Before Lana Del Rey, and even Lizzy Grant in record form, there was May Jailer, an acoustic singer/songwriter with a great knack for story through simple melodies. I first let slip, vaguely, about this album from a review of Lana Del Rey’s “Lana Del Rey EP” and since I’ve been inundated with questions, comments, and requests for it. While I can’t give it to you, I can give you this review. I know it’s not the same as owning, but I’ll do my best to convey what this album is and why it’s great.
I’m not trying to gloat, or know 100% that this is accurate, but I’ll say it anyway, I was the first to buy this album when it came out. When I received it, it was nothing more than a CD-R with a hand written note attached to it. I first heard of this project through my friend Pat Dugan, who was was in the studio for some of the recording. As I’ve said before, this album was recorded in Lake Placid, NY through Jim Cushman. Granted I owe Dugan for a lot of my musical exploits, circa 2003-present, but this is one that has become personal in many ways.
At it’s core, Sirens is a young woman’s personal journey and statement about the world around her. She plays with a number of different influences, like Marilyn Monroe (“Next to Me”) and Jeff Buckley (“A Star for Nick”). The album channel’s Bruce Springsteen’s Nebraska album, only it’s tailored to a mature 15 year old with ambition and a narrative to tell. There is no political message to the album, which is in stark contrast with Springsteen’s concept, but the ambition of that project is riddled throughout it’s 15 tracks.
The instrumentation is varied and can be a bit repetitive at times. The melodies aren’t meant to be overwhelming, they’re there to serve the narrative more than anything. The opening track, “For K, Pt. 1” is a story about a person that ends up in prison, later retried and lands the death penalty. The narrator is stuck asking “is this what you wished?” as a bystander and someone left behind. “My Momma” is a rebellious teenage anthem about a guy the narrator is interested in and the protestation of her mother. May relates all of the good qualities of this man, especially how he’s “Under 40” and “has a job” to a still disproving mother. “Bad Disease” may be the album’s most personal track, examining the human condition through a flawed narrator, trying to rectify how they feel about negative things in the world and being generally unsatisfied with their station in life. And the albums greatest lyrics, in my opinion, is delivered by the track “Westbound:” “You like to write about all of your problems, put them in songs cuz you think it would solve them. But you’re wrong.”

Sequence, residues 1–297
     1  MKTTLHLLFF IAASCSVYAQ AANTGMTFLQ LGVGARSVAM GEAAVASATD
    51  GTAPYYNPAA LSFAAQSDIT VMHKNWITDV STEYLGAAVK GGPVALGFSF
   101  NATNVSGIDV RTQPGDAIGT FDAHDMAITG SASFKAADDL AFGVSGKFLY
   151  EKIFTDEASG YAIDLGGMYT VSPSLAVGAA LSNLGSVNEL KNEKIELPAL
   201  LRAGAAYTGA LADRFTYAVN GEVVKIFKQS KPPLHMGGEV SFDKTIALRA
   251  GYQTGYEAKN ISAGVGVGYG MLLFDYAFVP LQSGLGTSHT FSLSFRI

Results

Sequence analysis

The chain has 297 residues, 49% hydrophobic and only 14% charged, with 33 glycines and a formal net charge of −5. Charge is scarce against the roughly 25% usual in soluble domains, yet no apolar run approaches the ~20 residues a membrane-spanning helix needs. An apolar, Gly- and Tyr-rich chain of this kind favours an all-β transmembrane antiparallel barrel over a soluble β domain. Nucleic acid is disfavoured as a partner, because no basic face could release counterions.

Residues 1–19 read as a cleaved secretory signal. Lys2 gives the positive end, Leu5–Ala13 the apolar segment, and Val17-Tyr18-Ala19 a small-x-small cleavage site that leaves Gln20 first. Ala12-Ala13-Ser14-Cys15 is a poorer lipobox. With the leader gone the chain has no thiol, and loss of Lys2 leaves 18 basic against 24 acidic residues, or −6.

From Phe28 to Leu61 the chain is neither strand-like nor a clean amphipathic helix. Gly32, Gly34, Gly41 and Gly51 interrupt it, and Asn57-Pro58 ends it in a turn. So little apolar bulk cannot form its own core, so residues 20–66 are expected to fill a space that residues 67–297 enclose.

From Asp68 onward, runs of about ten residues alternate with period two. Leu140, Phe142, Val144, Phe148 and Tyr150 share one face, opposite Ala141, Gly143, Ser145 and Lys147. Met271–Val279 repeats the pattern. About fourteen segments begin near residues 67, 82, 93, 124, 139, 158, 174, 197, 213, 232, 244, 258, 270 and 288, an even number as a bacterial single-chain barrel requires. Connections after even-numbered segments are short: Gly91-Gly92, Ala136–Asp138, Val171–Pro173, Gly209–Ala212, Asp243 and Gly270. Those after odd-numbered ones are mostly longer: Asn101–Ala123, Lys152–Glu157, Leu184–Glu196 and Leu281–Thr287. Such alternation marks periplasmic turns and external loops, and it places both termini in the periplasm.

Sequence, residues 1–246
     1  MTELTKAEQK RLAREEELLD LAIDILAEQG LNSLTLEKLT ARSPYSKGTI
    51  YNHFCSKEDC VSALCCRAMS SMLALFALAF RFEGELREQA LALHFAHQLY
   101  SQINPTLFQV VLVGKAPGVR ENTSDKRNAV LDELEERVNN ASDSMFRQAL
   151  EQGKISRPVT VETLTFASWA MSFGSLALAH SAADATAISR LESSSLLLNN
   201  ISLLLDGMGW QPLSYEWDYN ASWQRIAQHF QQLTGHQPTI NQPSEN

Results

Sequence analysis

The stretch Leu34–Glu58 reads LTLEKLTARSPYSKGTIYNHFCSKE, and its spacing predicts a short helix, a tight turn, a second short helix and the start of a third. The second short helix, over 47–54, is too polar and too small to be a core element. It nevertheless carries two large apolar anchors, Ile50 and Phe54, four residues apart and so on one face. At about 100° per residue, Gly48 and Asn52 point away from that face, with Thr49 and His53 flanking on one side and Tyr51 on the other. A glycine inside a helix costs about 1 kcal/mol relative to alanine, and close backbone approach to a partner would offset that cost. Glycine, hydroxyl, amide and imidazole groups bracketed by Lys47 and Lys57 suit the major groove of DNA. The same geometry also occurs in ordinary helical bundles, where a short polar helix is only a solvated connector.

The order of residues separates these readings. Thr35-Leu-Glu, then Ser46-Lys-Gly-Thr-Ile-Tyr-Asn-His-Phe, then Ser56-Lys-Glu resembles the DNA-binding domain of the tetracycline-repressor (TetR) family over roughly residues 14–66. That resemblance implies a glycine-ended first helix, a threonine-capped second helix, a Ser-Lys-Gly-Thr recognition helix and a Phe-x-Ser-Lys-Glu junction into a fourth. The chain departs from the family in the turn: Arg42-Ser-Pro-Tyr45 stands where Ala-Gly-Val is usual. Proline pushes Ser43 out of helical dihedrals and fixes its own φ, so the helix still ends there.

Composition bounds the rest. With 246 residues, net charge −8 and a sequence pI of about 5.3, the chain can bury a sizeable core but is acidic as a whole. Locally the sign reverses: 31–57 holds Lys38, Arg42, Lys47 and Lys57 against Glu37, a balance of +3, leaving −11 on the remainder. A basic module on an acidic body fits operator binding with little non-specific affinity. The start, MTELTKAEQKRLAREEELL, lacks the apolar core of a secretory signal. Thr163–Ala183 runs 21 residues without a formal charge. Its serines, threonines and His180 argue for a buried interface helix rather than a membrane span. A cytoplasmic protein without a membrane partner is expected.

This will forever be the one Lizzy Grant project that I relate to most. Not that I don’t like her Lana Del Rey material, but this one seems more personal than her material on Born to Die. Granted, Del Rey projects tragic experience like no other, but with May Jailer it was the thrill of the journey, seeing that unrest, and someone given the ability to change their direction and station in life. People don’t give Lizzy enough credit, but had they heard this album, I don’t think she’d get the ridicule she does today.